Report details police wounding of suspect in Colo. mass shooting

“Officer Steidell's shots were the last ones fired by anyone inside the King Soopers," the report reads


By Colleen Slevin
Associated Press

DENVER — A man charged with killing 10 people at a Colorado supermarket surrendered after being shot by a police officer who waited for him to come into view down a store aisle, according new information about the shooting released Thursday.

Boulder Police Officer Richard Steidell.
Boulder Police Officer Richard Steidell. (Boulder Police Department via AP)

The details were contained in a district attorney's report that found Boulder officer Richard Steidell was justified in shooting Ahmad Alissa and said his shots stopped the attack.

“Officer Steidell's shots were the last ones fired by anyone inside the King Soopers on March 22," District Attorney Michael Dougherty said in the report.

Alissa is accused of killing nine shoppers and workers inside and outside the store as well as Officer Eric Talley, one of the first three police officers who entered the store. He also was charged with attempted first-degree murder after authorities said shots were fired at 19 other people, including 11 law enforcement officers.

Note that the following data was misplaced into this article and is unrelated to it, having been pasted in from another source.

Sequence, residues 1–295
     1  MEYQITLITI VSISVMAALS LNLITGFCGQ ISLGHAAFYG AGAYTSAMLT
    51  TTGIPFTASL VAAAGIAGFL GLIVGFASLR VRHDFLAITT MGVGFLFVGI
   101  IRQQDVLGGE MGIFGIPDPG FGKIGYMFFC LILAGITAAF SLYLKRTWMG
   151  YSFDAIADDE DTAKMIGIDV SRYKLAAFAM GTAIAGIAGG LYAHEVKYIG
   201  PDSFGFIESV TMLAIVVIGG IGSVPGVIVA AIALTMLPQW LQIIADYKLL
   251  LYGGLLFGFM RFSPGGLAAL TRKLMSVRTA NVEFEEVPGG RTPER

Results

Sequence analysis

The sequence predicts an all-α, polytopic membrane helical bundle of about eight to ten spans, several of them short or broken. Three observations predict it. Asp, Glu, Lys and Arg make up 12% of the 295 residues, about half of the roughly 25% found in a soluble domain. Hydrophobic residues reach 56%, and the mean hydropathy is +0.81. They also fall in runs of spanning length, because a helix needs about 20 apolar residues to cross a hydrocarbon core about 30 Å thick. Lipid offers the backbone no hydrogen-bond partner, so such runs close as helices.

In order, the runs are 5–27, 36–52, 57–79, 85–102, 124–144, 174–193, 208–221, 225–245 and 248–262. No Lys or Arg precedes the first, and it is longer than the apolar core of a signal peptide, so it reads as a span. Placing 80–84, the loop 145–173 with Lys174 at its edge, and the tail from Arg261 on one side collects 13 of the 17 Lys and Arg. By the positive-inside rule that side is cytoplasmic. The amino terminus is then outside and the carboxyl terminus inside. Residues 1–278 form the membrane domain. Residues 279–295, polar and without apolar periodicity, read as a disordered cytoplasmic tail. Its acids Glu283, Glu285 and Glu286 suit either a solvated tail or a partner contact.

Alissa's defense team has suggested he suffers from mental illness. But they have not offered any other details about his condition.

According to the new report, Steidell was part of the second wave of police officers who entered the store after Talley was killed near the cash registers.

About 20 seconds later, shots were fired over their heads, with one bullet passing between the heads of two officers. Steidell dove to the ground and fired his handgun at a man he saw holding a long gun down an aisle.

The gunman withdrew from view. Steidell remained on the ground, still and pointing his gun down the aisle. When the gunman came back into view about 90 seconds later and raised his weapon, Steidell fired at him, the report states.

It was later determined that one of his eight shots — the only ones fired by police during the ordeal — hit Alissa in the right thigh.

Steidell, a Coast Guard veteran who has been with Boulder police since 2019, was placed on paid leave while the district attorney's office and outside law enforcement agencies conducted a standard investigation of his decision to shoot at Alissa.

The 31-year-old Steidell, who was awarded pistol sharpshooter and rifle marksmanship ribbons in the military, will return to duty Friday now that the district attorney has found his actions were justified, police spokesperson Dionne Waugh said.

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